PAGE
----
Reflecting on the Building Safety Act 2022
19 July 2022
Associate Donal Hardy reflects on building safety legislation and the industry's responsibilities:
The Building Safety Act became law in April 2022, representing a far-reaching range of new requirements for all sections of the built environment industry, from design, manufacture and project management to construction. For an industry still seeking to repair its reputation five years after the Grenfell Tower tragedy, the Act marks a necessary sea change. We at TateHindle welcome the legislation, and the increased focus on building safety.
The successful delivery of large, complex projects from initial concept through to completion requires a committed team with expertise in their respective fields, following the RIBA Plan of Work. The government-commissioned Hackitt review and subsequent Building a Safer Future Report, along with the ongoing public inquiry into the Grenfell disaster, have laid bare the shortcomings of the industry’s ability to implement statutory building regulations. To address this, the Building Safety Act sets out new requirements for a ‘Golden Thread’ of information throughout the whole life cycle of a built project, from concept to occupation and beyond. The Act requires clearly identified, competent ‘Duty Holders’ (Client, Principal Designer, Designers, Principal Contractor, Contractors) to work together and share information to ensure compliance with the building regulations. It is in this spirit of collaboration – and in the interest of the building’s end users – that we strongly encourage our colleagues and clients to raise standards and fully embrace the Golden Thread.
Architects and lead consultants oversee increasingly complex building typologies, technologies and project types. As a profession, we’re experienced in adapting and responding to a multitude of challenges during the concept, design and construction of a scheme, and we’re involved at all stages of the RIBA Plan of Work. Architects occupy a unique position of oversight and understanding of the whole process; it’s a position of great responsibility that has the potential to effect significant change for the better in terms of the safety of the buildings we design.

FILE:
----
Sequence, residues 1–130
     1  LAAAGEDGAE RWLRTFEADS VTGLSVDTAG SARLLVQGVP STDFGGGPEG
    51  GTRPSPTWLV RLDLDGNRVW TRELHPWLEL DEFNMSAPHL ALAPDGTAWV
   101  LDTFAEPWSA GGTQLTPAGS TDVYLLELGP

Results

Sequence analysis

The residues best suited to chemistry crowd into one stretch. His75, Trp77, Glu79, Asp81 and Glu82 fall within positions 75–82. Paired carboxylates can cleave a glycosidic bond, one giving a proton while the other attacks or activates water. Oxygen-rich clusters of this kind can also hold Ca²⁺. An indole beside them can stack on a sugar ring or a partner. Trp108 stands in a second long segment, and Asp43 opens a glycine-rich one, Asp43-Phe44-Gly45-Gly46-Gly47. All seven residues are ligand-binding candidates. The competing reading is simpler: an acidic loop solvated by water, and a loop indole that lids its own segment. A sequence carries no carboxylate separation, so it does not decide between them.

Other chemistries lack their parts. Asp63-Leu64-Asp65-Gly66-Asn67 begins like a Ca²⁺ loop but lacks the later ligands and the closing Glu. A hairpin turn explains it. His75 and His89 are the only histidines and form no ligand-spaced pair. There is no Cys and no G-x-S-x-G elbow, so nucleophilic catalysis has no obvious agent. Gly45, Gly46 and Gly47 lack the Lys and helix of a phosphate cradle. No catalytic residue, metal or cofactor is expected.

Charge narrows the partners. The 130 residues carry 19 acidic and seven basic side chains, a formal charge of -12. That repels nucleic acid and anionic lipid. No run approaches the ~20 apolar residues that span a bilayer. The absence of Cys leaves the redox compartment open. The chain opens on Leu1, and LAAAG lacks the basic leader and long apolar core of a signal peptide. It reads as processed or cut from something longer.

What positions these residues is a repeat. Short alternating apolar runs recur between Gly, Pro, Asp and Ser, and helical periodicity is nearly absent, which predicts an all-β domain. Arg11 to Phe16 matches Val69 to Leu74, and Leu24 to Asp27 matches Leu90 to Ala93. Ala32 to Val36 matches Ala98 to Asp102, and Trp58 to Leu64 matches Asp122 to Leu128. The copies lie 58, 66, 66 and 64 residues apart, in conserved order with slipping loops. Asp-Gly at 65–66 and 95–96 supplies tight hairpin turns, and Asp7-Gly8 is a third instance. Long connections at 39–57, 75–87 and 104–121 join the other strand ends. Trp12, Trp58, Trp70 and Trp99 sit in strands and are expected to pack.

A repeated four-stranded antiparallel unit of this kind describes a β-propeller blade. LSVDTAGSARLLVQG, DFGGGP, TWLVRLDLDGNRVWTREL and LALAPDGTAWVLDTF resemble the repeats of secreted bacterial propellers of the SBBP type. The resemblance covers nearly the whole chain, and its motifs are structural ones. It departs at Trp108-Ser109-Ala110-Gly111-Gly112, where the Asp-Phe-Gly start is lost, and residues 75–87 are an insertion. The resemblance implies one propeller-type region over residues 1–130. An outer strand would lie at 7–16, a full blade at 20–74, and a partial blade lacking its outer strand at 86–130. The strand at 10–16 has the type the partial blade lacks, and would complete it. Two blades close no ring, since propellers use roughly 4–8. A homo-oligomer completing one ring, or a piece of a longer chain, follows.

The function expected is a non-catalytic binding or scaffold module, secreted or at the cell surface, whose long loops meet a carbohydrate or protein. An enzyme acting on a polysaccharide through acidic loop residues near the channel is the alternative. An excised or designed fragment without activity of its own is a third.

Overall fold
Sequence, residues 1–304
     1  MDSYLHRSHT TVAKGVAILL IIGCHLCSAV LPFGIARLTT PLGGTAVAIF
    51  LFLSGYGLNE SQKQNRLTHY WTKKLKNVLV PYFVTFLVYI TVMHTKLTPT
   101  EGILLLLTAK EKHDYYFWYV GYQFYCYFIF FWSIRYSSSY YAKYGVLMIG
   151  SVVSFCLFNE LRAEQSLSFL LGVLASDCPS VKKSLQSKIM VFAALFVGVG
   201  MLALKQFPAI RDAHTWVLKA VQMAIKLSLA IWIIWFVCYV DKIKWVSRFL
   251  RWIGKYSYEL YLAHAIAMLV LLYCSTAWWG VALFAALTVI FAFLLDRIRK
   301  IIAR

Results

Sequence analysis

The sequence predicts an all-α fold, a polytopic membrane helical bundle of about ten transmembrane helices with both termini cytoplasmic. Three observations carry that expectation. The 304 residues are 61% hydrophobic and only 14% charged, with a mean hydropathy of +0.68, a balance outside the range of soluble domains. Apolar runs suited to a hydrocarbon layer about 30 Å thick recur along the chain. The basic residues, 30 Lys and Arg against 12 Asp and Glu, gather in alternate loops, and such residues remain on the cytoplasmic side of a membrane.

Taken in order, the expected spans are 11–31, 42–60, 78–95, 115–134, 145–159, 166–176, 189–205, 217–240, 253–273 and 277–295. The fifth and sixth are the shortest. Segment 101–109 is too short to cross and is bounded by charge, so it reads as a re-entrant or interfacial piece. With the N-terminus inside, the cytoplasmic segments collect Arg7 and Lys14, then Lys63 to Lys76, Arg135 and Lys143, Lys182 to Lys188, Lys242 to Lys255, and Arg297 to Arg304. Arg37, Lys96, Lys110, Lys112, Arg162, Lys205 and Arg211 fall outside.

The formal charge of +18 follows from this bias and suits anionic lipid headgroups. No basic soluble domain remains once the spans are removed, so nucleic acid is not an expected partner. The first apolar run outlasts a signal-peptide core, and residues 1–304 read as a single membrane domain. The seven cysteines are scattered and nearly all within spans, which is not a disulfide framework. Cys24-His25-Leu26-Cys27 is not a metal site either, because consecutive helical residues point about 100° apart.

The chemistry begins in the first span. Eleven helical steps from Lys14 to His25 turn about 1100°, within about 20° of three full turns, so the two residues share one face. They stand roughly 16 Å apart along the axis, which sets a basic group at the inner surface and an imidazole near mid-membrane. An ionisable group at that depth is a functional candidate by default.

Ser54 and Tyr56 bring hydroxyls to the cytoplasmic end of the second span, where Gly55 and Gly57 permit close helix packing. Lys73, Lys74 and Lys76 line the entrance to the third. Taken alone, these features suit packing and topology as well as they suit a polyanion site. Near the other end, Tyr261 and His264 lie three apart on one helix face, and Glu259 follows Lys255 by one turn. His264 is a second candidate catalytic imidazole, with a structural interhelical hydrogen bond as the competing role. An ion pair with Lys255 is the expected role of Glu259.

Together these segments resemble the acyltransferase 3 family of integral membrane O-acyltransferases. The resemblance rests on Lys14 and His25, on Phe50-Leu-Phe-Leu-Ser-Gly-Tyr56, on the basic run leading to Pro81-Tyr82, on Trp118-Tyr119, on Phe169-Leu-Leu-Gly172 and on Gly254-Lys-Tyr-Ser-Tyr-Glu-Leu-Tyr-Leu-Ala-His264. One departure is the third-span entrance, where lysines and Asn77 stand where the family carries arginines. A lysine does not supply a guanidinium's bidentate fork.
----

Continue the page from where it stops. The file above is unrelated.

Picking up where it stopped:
At TateHindle we’re committed to following the RIBA Plan of Work. We adhere to a well-established technical review process through all stages of work, with minimum requirements set out clearly in advance; this process is continually evolving in response to changing regulations and legislation. We require all residential projects – not only higher risk buildings – to follow the RIBA Fire Safety and Compliance tracker, in which all members of the design and client team are required to provide a clear record of how the proposals address fire safety and comply with building regulations. This mirrors the Golden Thread’s Gateways process. We invest in our team and provide training in fire safety and understanding building regulations; our CPD programme follows the RIBA curriculum, and we have well-established, robust processes to track and monitor projects and ensure that the highest standards are followed.
As architects and urbanists, we believe our role is to evolve every space, building and community we engage with for the better — for its people and for the planet. We see ourselves as custodians of the built environment. In our position overseeing the design, we recognise that we’re best placed to provide continuity through the RIBA Stages of Work. More than that, we see it as our moral and ethical responsibility to act on behalf of the public, and to highlight and promote the highest standards. We do this in the interest of the health, safety and welfare of the people who don’t get to choose. We must be their advocates.
The residents of Grenfell did not choose to live in an unsafe building. They made every attempt to highlight problems, raise their concerns and seek action on safety. There are hundreds of thousands of people now living in buildings that are plagued by unsafe cladding, in homes they cannot sell, and with the cost of remedial works leaving many in financial crisis.
There is still much to do, and as an industry, each of us must choose to do better.